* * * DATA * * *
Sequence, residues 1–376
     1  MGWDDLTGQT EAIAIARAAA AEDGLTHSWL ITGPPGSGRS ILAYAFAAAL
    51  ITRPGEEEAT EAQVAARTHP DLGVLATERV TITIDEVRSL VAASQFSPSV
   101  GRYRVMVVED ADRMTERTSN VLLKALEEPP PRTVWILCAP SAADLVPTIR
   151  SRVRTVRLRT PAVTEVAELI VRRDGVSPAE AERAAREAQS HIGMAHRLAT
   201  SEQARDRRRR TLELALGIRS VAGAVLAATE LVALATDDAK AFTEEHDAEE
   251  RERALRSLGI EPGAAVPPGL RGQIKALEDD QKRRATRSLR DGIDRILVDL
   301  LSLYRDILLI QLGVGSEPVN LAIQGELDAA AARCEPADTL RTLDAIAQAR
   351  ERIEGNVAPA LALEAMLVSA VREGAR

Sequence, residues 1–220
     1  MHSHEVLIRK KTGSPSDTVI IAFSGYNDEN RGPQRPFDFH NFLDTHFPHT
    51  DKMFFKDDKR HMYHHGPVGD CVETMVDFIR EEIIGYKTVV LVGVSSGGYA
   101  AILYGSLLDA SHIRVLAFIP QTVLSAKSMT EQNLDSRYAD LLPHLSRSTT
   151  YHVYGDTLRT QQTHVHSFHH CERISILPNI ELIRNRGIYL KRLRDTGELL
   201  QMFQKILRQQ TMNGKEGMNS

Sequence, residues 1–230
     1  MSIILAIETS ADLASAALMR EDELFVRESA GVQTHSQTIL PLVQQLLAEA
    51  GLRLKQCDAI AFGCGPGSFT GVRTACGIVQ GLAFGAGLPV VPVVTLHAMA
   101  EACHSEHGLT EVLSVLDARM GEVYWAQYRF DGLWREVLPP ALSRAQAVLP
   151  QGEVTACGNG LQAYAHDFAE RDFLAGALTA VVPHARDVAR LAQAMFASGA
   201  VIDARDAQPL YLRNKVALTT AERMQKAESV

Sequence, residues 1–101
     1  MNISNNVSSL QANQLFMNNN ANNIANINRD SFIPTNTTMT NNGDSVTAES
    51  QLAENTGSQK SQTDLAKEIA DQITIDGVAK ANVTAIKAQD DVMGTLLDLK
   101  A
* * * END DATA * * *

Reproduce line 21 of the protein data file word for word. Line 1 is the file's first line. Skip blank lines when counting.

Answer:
   201  VIDARDAQPL YLRNKVALTT AERMQKAESV